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J Exp Psychol Learn Mem Cogn. 2010 May;36(3):671-85. doi: 10.1037/a0018785.

The production effect: delineation of a phenomenon.

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Department of Psychology, University of Waterloo, Waterloo, Ontario, Canada.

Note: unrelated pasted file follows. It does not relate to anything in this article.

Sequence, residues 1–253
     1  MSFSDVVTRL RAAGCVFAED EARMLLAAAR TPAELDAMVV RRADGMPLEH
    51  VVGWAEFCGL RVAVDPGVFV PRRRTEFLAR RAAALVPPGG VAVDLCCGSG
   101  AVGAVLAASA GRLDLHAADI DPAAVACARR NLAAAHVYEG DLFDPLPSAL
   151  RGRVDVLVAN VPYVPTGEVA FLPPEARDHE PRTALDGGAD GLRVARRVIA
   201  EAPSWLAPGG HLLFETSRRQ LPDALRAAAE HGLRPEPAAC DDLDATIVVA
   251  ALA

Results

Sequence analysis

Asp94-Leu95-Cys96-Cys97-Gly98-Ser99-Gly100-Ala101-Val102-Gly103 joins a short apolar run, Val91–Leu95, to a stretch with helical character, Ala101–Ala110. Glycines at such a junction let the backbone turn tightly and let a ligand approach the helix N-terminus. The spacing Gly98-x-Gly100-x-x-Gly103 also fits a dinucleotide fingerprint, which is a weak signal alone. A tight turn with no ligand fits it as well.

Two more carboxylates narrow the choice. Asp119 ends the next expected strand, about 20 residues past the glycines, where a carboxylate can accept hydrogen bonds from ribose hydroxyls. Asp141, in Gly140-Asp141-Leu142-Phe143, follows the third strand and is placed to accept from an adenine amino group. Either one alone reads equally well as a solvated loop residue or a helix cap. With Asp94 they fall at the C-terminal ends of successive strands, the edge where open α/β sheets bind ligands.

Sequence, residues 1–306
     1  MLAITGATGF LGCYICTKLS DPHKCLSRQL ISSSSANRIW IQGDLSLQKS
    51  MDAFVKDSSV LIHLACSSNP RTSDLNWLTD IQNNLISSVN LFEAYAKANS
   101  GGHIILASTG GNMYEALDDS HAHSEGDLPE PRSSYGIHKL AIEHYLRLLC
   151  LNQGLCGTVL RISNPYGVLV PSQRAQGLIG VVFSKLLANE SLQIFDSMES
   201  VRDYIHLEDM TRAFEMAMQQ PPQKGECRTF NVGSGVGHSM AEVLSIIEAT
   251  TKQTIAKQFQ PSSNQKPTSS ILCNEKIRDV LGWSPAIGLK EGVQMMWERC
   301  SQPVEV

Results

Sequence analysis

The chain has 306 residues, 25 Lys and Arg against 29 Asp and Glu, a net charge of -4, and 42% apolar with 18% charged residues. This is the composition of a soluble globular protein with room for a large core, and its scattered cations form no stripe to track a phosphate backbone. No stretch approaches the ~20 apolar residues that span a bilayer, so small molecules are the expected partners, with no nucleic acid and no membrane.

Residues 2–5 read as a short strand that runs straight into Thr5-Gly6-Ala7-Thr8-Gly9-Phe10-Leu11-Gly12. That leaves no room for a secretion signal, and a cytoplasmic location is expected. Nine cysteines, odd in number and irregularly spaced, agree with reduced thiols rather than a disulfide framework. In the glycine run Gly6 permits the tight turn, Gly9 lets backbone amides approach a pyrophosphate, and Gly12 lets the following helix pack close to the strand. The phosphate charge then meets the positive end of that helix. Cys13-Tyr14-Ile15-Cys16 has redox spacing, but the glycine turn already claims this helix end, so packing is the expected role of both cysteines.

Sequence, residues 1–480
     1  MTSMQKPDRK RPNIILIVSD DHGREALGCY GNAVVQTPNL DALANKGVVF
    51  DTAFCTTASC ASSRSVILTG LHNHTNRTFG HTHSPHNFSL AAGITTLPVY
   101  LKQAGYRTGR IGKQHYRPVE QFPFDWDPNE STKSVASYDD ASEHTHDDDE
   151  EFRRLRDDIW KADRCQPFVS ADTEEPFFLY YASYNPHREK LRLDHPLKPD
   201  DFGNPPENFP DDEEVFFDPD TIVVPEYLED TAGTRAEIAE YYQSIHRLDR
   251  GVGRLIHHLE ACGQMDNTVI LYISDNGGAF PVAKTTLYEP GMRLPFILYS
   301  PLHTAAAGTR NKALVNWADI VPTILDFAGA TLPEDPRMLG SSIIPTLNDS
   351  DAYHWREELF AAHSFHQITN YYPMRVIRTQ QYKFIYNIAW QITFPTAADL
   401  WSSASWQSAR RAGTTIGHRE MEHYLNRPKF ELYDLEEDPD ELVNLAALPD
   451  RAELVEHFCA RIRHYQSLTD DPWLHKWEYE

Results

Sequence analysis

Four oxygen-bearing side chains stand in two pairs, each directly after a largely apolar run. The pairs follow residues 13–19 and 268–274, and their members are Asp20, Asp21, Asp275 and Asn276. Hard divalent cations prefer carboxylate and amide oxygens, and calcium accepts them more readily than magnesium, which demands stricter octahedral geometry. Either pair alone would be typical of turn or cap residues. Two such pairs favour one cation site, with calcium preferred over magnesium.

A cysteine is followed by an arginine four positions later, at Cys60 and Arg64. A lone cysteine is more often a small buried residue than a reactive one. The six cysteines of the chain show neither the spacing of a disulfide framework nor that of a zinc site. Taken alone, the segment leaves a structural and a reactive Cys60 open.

In 8 recognition experiments, we investigated the production effect-the fact that producing a word aloud during study, relative to simply reading a word silently, improves explicit memory. Experiments 1, 2, and 3 showed the effect to be restricted to within-subject, mixed-list designs in which some individual words are spoken aloud at study. Because the effect was not evident when the same repeated manual or vocal overt response was made to some words (Experiment 4), producing a subset of studied words appears to provide additional unique and discriminative information for those words-they become distinctive. This interpretation is supported by observing a production effect in Experiment 5, in which some words were mouthed (i.e., articulated without speaking); in Experiment 6, in which the materials were pronounceable nonwords; and even in Experiment 7, in which the already robust generation effect was incremented by production. Experiment 8 incorporated a semantic judgment and showed that the production effect was not due to "lazy reading" of the words studied silently. The distinctiveness that accrues to the records of produced items at the time of study is useful at the time of test for discriminating these produced items from other items. The production effect represents a simple but quite powerful mechanism for improving memory for selected information.

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